Give peace a chance… Hot here?

Children International Summer Village photo taken in Mongolia, 1996

I recently interviewed a former teacher who was involved with what is called “Children’s International Summer Villages.” He’s been all over the world with the program. The essence of the program is that each “village team” is composed of four children (two boys and two girls) and one “adult leader.” And each of the 12 teams are from 12 different countries. The children are generally 11-years-old. They live together in a designated campground/village for a four-week-period. (It’s in a different country each year.) There are multiple activities designed to establish camaraderie. The teacher said the children learn that, no matter what the nationality, no matter what the language, there are, indeed, all kinds of commonalities. It is the essence of “building peace,” the teacher said. Note: Our administration would get behind programs like this, in spades, through one, of many, of our U.S. Department of Peace initiatives. Note 2: The day I’m entering this, a CBS News story noted that it was a record breaking 120 degrees in Las Vegas, “sin city,” the meteorologist added. A ‘warm up’ for people who are buying into this ‘sin’ paradigm, not just in Vegas, but all across the country these days? During our earlier campaign travels, we came across a marquee in front of a Baptist Church in Alabama, in August. It read: “You think it’s hot here…”

…to shelter the homeless

photo by Joe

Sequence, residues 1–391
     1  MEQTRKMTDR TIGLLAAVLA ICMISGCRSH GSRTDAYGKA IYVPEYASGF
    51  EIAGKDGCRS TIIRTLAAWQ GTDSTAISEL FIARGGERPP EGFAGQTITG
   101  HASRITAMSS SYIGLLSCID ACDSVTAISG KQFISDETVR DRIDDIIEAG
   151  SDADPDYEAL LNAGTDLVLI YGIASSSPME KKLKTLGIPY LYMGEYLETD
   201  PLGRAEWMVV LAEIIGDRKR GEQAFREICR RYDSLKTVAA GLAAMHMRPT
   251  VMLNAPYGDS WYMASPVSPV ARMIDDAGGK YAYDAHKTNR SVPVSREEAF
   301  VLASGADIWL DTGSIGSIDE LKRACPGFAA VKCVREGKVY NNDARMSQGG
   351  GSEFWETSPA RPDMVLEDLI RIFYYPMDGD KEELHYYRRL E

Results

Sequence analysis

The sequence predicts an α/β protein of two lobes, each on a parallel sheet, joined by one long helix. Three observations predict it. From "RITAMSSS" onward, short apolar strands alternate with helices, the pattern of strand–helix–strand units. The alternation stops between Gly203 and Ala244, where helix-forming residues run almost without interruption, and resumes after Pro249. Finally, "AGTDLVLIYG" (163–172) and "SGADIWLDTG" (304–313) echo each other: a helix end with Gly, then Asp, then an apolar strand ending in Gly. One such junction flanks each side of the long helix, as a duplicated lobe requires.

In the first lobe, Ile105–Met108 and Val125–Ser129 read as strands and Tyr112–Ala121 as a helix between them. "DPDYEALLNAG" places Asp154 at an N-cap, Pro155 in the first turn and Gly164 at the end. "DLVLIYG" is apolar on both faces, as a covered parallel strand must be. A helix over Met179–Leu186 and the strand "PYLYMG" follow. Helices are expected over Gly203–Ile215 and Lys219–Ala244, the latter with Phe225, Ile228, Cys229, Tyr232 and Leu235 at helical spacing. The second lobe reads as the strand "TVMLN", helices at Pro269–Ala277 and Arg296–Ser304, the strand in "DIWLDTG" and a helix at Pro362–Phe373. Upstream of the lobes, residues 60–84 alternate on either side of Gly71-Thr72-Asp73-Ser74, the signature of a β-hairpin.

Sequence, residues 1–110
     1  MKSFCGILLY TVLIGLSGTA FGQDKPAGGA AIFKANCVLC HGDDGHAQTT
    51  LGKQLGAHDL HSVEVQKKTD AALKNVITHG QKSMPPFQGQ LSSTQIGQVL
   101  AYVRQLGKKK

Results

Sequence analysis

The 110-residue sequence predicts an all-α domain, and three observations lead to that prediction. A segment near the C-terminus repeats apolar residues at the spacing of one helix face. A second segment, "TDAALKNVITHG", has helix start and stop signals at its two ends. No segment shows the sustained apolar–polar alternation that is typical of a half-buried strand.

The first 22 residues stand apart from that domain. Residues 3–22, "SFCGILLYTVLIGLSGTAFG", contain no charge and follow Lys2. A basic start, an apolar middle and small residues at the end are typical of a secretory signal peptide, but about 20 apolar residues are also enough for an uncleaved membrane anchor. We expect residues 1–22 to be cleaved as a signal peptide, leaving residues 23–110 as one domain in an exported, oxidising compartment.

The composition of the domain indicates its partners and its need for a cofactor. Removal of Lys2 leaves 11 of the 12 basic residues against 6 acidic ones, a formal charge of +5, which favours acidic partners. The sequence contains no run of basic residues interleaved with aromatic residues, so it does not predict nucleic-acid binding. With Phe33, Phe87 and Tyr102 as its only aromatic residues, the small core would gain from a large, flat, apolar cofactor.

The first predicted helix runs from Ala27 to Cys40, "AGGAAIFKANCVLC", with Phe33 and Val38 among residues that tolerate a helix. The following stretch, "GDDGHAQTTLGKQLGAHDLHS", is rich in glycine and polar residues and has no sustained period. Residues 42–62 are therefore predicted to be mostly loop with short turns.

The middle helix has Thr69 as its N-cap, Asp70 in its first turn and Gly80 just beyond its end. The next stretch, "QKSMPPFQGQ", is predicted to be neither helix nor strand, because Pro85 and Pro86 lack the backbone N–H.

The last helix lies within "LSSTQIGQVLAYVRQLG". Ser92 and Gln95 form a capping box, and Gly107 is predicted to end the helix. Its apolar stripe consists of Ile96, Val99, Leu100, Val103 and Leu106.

Fascinating. I recently wrote a newspaper article about this cabin. It sits on skids in the backyard of a local couple’s place. They live in a modest, two-bedroom house about 25 yards from the cabin. They use it for “staycations.” That is, if they want to “get away,” they head out to the cabin for a day, or two, or more… They watch TV, read books, relax on the porch… The cabin was built in Amish country in Indiana, then trucked here. Because it is not hooked into water (they simply use the house for water, although they are about to put a free-standing chemical toilet in), and just, again, sits on skids, its zoned the same way a shed would be, including no additional taxes, or zoning requirements, and such. What’s more, when people visit, it’s turned into a relatively cute B&B. The cabin cost $10,000, delivered. Note: I couldn’t help but think that, social justice wise, something like this could be a great, temporary place for, say, immigrants trying to get a foothold in this country — as a temporary, transition place, or longer. We could get a lot more creative in this country, helping people trying to flee extreme poverty, violence, and so on, in other countries. The Beatitudes: “…shelter the homeless.” Our position paper on foreign relations is replete with creative ways to tangibly help “foreigners.”